So Much Unspoken So Little Revealed Albrecht Tübke’s ‚Twins‘
For those of us who grew up with no siblings or who experienced the sibling rivalry spawned by an age gap, there is always something enigmatic about identical twins. We are mildly envious of that intuitive empathy that seems to invisibly unite them, the unspoken conspiracy against the world that seems to permeate their relationship. We are also wary of course, of the tricks that they can play by trading places and fooling us, betraying any confidences we might have with them. There can often seem to be a real them and us schism here. Conversely, of course much of this may well be just down to myth and presumption on our part. Albrecht Tübke’s quiet and poignant series of C-prints titled ‚Twins‘ does nothing to dismiss the way identical twins are raditionally perceived, in fact, on the contrary, it seems to corroborate this perception.
These photographs taken against backdrops of neutral rural scenes give very little away as to the social status or backgrounds of these twins, they seem to conceal more than they reveal, and in this way are symptomatic of the stereotype. In fact there are subtle hints and signs of an innate defiance here, they are accustomed to being observed as novelties, and no matter how veiled that observation is, it divides, it segregates and it is intrusive, so they have probably all developed strategies to counter the invasive gaze of others. Needless to say no identical twins are truly identical and it seems to be the differences between these particular sets of twins that straight away engages the viewer. The complicity between these twins is not only to be detected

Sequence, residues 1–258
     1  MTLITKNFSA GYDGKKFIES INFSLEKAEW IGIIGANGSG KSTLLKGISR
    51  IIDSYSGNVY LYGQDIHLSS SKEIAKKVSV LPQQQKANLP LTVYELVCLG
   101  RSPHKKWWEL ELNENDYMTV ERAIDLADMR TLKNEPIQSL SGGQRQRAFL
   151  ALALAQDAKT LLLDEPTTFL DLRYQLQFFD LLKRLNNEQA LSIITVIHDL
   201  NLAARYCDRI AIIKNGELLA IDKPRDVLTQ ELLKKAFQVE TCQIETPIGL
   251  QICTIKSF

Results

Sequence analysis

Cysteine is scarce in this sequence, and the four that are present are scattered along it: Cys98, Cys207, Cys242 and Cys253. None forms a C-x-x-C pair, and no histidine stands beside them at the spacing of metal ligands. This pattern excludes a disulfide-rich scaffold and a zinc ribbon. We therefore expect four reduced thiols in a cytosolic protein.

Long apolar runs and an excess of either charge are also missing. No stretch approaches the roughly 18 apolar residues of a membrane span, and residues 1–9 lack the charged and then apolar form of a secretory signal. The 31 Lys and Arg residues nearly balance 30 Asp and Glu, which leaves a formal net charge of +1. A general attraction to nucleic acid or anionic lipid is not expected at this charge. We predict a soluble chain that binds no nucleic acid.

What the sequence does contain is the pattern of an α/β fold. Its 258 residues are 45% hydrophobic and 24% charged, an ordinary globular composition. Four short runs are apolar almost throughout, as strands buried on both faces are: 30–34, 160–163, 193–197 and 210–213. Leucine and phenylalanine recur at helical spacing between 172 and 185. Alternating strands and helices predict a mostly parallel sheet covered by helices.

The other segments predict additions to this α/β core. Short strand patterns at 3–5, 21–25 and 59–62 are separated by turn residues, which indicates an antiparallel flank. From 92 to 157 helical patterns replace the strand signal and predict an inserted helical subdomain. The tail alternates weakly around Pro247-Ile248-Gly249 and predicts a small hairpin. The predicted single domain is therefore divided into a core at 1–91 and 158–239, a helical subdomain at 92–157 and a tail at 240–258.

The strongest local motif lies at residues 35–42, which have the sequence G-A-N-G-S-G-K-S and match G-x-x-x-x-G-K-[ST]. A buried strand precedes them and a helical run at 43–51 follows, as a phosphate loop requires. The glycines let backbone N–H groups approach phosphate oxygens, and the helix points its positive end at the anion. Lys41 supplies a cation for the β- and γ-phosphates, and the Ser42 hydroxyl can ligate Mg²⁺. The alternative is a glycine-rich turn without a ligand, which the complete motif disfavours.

in their similar modes of dress, but also in their gaze. Their stance, their postures and their body sizes are all at variance, and this intrigues us, but their gazes, the ‚windows on their souls‘, the true reflections of their beings, seem to be in accord in each of these pairs of twins. These matter-of-fact, full face, full-length portraits in a style not dissimilar to that of Rineke Dijkstra or Helen van Meene, offer good PR for the ‚less is more‘ school of thought.
One of the hallmarks of Tübke’s work in his other portrait series such as ‚Youth‘ and ‚Citizens‘ has been the relaxed composure and openness of his subjects, they are totally compliant with, and unphased by the whole portraiture process, there seems to be a genuine empathy between photographer and subjects, but that cannot be said about the ‚Twins‘ series, these sessions, one feels, have been altogether more tense, a resonance of negotiation and compromise seems to reside here, sympathy seems to replace empathy. The age and sex of the different pairs varies, as if to emphasise that what you are witnessing here is not polarised by considerations of generation or gender but it is something symptomatic of the relationships of these twins and the way in which they confront the world. There are inherent dangers in generalising of course, but there is something happening in these photographs that seems to be echoed by each pair of twins, nothing overtly obvious, but so much is left unsaid, so much concealed. All this is underlain by a pervasive sense of melancholy, and resignation, it can’t be the difficulties that the populace of the old East Germany has experienced
during the past couple of decades (Tübke hails from Leipzig and works in what was East Germany), that are reflected here, for the subjects in his other series don’t seem to present this demeanour, but something is happening in the ‚chemistry‘ of these photo-sessions that polarises the mood that reigns here and perhaps that will always remain enigmatic and unfathomable. The mythical twins Castor and Pollux and Romulus and Remus all had their trials and tribulations so maybe they set the tone for aeons to come.
Roy Exley, writer and curator for photography, London